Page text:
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Urban Development

Leveraging the urbanization dividend in Afghanistan

Sateh Chafic El-Arnaout's picture
Also available in: دری | پښتو
With support provided by the KMDP, over one million people (about 73 percent women and children) have benefited from the construction of about 247 kilometers of neighborhood roads. Photo: Rumi Consultancy/ World Bank


Afghanistan is undergoing a rapid urban transition. While the current share of its population living in cities is comparatively low (25.8 percent in 2014 compared to 32.6 percent across South Asia), Afghanistan’s urbanization rate is among the highest in the region. Its urban population is growing at 5 percent annually, more than twice the regional average.

The country’s urbanization transition is impacted by Afghanistan’s history of conflict and fragility, which presents additional challenges for urban areas. Cities are struggling to accommodate increasing numbers of persons seeking security, shelter, and jobs. These newcomers include internally displaced persons, returning refugees, as well as those leaving rural agricultural employment and seeking service-based jobs in urban areas. This migration will continue for a generation; by 2060, half of all Afghans will live in cities, which means that roughly 15 million people will be moving to cities in the next 40 years.[1]

Over the same time period, the country will also see a substantial increase in demand for employment as slightly more than half of the current population is aged 15 or younger and will soon be entering the workforce for years to come.

Against this background, Afghanistan will have to leverage and manage its urban transition to ensure that cities can provide job opportunities, housing, and improved quality of life to their citizens. Recognizing the important challenges, the Afghan government introduced the Urban National Priority Program (U-NPP) in 2016. It provides policy guidance and investments in support of municipal governance, improved access to basic services, and vibrant urban economies for the next 10 years.

Pakistan bridges the gender divide by embracing a digital economy

Priya Chopra's picture
Registration at the Digital Youth Summit. DYS is an age and gender-inclusive diversified digital platform.
Photo Credit: Digital Youth Summit


Standing in line to sign up for the Digital Youth Summit in Peshawar this May, I struck up a conversation with a young woman from Peshawar. I was pleasantly surprised by her level of interest and eagerness in participating at the tech conference.  She was keen to develop an app that would allow her to sell home-based food products at a national level.  She had already gathered a group of friends who would work with her on different aspects of task planning and implementation.  Her enthusiasm was palpable and infectious.  Born and raised in South Asia, I understand the constraints local women face in largely male dominated societies.  I was therefore heartened by the large turn-out of women queuing to enroll for the workshops.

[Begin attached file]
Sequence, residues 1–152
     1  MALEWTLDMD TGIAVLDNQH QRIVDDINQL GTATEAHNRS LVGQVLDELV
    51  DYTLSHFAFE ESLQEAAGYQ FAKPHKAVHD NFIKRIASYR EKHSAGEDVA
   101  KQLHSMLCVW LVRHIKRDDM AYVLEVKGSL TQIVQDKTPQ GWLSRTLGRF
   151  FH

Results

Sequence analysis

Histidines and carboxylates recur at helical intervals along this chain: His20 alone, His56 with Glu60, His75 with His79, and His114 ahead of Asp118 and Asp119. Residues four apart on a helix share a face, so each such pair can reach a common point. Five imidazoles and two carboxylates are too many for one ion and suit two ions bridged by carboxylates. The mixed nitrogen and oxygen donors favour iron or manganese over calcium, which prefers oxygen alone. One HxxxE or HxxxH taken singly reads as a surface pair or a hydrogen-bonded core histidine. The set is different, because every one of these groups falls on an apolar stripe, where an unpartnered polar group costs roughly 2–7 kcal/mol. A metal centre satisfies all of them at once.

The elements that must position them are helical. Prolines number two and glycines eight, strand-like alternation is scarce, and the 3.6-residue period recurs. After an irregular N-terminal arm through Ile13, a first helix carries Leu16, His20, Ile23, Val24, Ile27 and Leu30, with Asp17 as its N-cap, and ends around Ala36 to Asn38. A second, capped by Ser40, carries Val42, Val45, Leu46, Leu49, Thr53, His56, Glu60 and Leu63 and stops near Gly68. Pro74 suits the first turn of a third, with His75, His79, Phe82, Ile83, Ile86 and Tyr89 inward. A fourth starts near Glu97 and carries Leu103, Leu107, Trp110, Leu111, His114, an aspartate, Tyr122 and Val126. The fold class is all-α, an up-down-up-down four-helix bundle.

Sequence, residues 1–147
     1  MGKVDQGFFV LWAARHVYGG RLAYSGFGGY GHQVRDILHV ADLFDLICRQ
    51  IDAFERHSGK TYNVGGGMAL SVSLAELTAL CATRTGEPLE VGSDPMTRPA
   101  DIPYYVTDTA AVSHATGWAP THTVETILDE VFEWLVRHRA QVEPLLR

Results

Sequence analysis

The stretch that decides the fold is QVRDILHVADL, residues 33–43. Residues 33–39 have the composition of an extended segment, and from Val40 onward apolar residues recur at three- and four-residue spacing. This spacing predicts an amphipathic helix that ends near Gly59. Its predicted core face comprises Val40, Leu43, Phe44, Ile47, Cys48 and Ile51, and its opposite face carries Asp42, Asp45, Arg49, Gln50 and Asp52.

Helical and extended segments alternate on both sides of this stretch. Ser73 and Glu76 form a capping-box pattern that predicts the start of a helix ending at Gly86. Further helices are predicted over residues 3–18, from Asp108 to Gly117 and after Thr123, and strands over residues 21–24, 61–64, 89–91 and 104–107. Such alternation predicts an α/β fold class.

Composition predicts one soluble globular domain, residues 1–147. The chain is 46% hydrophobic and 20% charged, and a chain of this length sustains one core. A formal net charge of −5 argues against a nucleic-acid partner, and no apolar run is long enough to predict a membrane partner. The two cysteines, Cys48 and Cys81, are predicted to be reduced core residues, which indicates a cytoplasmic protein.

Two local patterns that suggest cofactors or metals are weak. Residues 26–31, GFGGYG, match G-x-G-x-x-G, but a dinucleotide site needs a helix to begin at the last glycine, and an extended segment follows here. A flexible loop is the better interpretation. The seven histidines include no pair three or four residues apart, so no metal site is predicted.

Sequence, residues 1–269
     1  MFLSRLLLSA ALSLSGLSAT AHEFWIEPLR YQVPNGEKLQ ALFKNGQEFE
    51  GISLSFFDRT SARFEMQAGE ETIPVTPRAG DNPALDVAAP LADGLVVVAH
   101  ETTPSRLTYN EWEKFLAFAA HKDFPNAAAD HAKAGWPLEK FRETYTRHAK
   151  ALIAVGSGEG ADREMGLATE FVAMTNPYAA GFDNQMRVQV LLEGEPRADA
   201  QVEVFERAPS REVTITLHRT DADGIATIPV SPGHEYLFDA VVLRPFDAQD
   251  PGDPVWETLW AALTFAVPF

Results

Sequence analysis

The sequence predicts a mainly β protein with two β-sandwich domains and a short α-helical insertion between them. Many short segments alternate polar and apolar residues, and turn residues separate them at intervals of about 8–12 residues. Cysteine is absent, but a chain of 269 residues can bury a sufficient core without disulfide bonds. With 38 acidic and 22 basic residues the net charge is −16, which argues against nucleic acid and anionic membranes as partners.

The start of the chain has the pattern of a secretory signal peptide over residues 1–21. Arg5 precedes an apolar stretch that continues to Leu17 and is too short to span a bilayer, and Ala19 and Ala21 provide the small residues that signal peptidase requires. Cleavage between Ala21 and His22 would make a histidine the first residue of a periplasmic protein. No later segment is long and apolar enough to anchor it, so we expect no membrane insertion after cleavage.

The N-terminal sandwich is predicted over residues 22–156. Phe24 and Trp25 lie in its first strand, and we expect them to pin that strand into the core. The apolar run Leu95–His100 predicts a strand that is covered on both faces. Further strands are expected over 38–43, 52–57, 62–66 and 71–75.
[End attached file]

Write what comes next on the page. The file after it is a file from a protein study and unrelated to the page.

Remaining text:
Our commitment to the people of Afghanistan stays strong

Annette Dixon's picture
Also available in: دری | پښتو
Despite government efforts with support from the international community, Afghanistan's development needs remain massive. Photo Credit: Rumi Consultancy/ World Bank

I am still shaken and saddened by the many lives lost to the attacks in Kabul two weeks ago and since then there has been more violence. As we grieve these tragedies, now is the time to stand strong with the people of Afghanistan and renew our commitment to build a peaceful and prosperous country.

To that end, we announced this week a new financing package of more than half-a-billion dollars to help Afghanistan through its struggle to end poverty, increase opportunity to help stabilize the country, and ensure all its citizens can access basic services during a time of economic uncertainty.

Afghanistan has come a long way since 2001 and achieved much progress under extremely challenging circumstances. Life expectancy has increased from 44 to 60 years, maternal mortality has decreased by more than three quarters and the country now boasts 18 million mobile phone subscribers, up from almost none in 2001.

Yet, the development needs in Afghanistan remain massive. Nearly 40 percent of Afghans live in poverty and almost 70 percent of the population are illiterate. The country needs to create new jobs for about 400,000 people entering the labor market each year. The situation is made more challenging by the return of around 5.8 million refugees and 1.2 million internally displaced people.

Our new support is in line with our belief that Afghanistan’s economic and social progress can also help it address security challenges.  Our financing package meets the pressing needs of returning refugees, expands private-sector opportunities for the poor, boosts the development of five cities, expands electrification, improves food security, and builds rural roads.

What can Bangladesh do to deliver more and better jobs for everyone?

Qimiao Fan's picture
Bangladesh woman working in flourescent lamp section
Bangladeshi woman works in the flourescent lamp section of SEED Bangla Limited. Photo Credit: World Bank


Bangladesh has made remarkable progress toward ending poverty and sharing prosperity with more of its people. As recently as 2000, about one in three Bangladeshis lived in extreme poverty based on the national poverty line; today, this has fallen to 13 percent. The poorest 40 percent of the population also saw positive per person consumption growth. Like in most countries, a key reason was broad-based growth in earnings. With more than 20 million people still living in extreme poverty and many workers with insecure jobs, Bangladesh cannot be complacent. It needs faster economic growth that can deliver more and better jobs for everyone.

New Zealand has much to offer the world

Annette Dixon's picture
 
New zealand - World maps on line
New Zealand Map.  Photo Credit: Academia maps GeoAtlas


When people think about New Zealand’s most famous son, Sir Edmund Hillary, they mostly think about the quiet Auckland bee-keeper who conquered Everest in 1953.